Is London on the brink of a property price bubble?

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Is London on the brink of a property price bubble? Well, contrasting reports from Kate Faulkner at Designs on Property and Matthias Holzhey at UBS suggest there is both confidence and doubt over the capitals rising property levels.

Faulkner produced a report last week showing that “at least 11 out of 32 London boroughs were now seeing prices rising at a lower rate than their average long term annual rate (6% to 10%)”. In simpler terms, this means that house prices have been steadily increasing in the capital. It is no surprise that prices in London have been rising, as an influx of foreign investment coupled with domestic demand and the potential increase of the London living wage to £9.15, all makes London a very attractive prospect.

No particular area of London is experiencing a booming increase in property prices, with Enfield in the north and Sutton in the south both seeing average house prices of a reasonable £300k to £400k. This isn’t a far cry from the UK average house price, set approximately at £204k. Faulkner’s research ultimately shows that house prices in London are not rapidly increasing as is feared by some publications, instead they are steadily inclining as a result of increasing investment and affordable interest rates.

However, Faulkner’s view of a steady and sustainable increase in the capital is not held by everyone. Holzhey at UBS has suggested that the majority of the world’s cities are hugely overvalued, with London leading the race as the first city to experience a bubble risk. Hong Kong was beaten by a nose into second, with Sydney, Vancouver and San Francisco following close behind.  His research shows that house prices in London have unreasonably spiralled ever higher, making it less feasible for a prospective buyer to purchase a home at a reasonable price. This, combined with most buyers depending on low interest rates, has caused a shift towards soaring rents and lack of available income to accommodate this change.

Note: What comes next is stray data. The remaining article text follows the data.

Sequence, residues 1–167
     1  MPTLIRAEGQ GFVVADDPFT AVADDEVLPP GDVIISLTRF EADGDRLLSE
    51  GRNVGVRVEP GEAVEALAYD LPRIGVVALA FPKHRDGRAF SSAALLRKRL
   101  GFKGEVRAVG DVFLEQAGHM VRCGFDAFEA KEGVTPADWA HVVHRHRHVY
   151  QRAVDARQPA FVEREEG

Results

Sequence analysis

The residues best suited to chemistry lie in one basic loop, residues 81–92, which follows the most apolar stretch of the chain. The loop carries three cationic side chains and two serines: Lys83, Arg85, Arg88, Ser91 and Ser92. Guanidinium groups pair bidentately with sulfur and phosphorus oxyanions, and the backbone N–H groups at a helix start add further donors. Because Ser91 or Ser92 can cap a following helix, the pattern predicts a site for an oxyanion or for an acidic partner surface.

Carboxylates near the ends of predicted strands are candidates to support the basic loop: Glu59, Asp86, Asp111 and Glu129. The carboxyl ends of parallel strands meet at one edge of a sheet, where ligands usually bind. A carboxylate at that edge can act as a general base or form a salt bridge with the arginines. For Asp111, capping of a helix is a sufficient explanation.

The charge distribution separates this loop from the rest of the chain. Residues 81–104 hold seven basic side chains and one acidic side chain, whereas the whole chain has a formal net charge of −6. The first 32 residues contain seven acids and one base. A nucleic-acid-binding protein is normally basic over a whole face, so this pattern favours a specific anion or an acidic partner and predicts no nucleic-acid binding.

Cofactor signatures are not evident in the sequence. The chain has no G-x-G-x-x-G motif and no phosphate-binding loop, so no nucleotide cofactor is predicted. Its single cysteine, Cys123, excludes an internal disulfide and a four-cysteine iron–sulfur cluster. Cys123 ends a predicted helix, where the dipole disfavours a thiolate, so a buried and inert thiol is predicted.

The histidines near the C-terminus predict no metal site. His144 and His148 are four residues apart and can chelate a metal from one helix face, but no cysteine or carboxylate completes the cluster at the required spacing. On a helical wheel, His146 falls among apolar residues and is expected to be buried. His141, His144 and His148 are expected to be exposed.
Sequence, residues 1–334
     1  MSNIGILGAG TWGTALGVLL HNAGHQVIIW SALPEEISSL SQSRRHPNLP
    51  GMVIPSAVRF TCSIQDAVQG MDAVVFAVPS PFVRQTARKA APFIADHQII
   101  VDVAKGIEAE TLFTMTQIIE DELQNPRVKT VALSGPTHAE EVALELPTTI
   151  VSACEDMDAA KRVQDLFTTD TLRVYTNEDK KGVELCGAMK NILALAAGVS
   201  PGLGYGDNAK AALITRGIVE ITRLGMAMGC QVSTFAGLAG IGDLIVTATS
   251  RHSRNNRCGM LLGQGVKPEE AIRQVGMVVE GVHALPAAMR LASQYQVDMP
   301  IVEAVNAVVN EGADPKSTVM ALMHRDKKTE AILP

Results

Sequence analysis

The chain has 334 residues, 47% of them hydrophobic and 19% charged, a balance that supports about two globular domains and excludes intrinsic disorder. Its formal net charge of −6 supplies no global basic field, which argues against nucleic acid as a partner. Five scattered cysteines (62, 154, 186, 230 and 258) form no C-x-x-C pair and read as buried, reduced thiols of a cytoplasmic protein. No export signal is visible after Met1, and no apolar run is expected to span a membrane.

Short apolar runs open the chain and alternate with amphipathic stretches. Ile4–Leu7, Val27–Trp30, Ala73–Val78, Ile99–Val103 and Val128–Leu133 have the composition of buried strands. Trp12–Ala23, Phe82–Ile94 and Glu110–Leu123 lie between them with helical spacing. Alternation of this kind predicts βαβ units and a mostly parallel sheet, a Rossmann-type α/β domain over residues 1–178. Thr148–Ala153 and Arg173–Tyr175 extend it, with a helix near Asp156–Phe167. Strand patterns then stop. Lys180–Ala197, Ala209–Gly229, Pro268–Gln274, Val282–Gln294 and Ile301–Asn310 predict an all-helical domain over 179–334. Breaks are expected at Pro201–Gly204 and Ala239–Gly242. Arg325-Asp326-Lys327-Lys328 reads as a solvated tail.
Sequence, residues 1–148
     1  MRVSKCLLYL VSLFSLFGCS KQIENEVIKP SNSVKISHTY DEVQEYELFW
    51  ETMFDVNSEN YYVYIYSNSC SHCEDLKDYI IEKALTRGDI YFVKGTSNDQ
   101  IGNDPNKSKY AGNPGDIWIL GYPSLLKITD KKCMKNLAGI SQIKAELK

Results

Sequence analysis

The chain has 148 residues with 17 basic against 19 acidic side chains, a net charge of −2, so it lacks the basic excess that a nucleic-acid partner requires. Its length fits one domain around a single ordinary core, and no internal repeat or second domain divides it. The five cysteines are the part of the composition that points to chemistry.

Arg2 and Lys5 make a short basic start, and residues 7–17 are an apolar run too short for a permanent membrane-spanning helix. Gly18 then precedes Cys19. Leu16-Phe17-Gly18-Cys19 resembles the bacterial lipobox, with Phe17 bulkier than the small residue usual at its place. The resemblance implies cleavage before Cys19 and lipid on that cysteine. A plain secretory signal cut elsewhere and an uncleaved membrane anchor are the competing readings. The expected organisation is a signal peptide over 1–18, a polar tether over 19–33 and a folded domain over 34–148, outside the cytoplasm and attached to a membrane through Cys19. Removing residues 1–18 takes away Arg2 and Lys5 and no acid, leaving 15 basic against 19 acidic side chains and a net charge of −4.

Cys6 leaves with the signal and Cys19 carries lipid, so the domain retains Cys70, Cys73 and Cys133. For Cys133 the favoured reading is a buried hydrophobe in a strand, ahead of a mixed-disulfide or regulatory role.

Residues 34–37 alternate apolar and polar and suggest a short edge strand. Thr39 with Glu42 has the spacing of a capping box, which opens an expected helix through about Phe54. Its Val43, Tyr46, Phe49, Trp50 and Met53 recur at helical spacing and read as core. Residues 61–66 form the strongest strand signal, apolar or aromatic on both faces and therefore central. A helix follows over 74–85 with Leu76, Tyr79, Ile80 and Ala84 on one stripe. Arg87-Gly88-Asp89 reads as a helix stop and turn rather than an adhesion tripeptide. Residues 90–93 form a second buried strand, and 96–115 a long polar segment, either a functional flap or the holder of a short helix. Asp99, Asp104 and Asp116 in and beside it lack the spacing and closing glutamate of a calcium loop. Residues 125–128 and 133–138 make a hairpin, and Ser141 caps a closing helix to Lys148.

London is viewed as vulnerable if rates are to rise, with the potential for more loan defaults and property repossessions. Holzhey also blames the increase of foreign investment as a cause for the property nightmare in the city. As he summarises: 

“Foreign demand and demand deriving from safe-haven seekers largely explain current valuations. Global geopolitical risk and the high property valuations in Asian cities have helped to propel London house prices to new heights. Domestic buyers too have contributed to the appreciation”. 

Quite simply, the combination of sustained domestic demand and an influx of foreign investment into the London property market, have helped to push up prices to record highs. 

From two differing perspectives, it’s hard to decide whether or not London is entering a house price bubble, but the impending doom of this financial irregularity isn’t exactly a new trend. Prophesying about property bubbles has been a favourite pastime of market commentators for years.

Back in April 2014, The New Statesman reported that “it’s not difficult to see that London is facing a house price bubble. It’s harder to say when it might pop”. Pretty frank and to the point it must be said.

Rewind a bit further back to October 2013 and Jon Henley of The Guardian asserted that the then imminent bubble would be the result of “chronic underbuilding” and “low interest rates; reckless lending and borrowing that allow self-certified, 110% and interest free mortgages.” 

CNBC even reported as far back as 2012 that London‘s housing market had become ‘distorted and dysfunctional’ following research carried out by Future for London, an independent and not-for-profit policy network. Interestingly, they did pick up on the issue of foreign investment, which Holzhey also believes is a contributing factor.  

Arguably, the prospect of a property bubble is very much a reality, but there are so many individual and interconnected factors that could push the market over the edge, that it becomes very difficult to establish exactly when and where a bubble may pop. 

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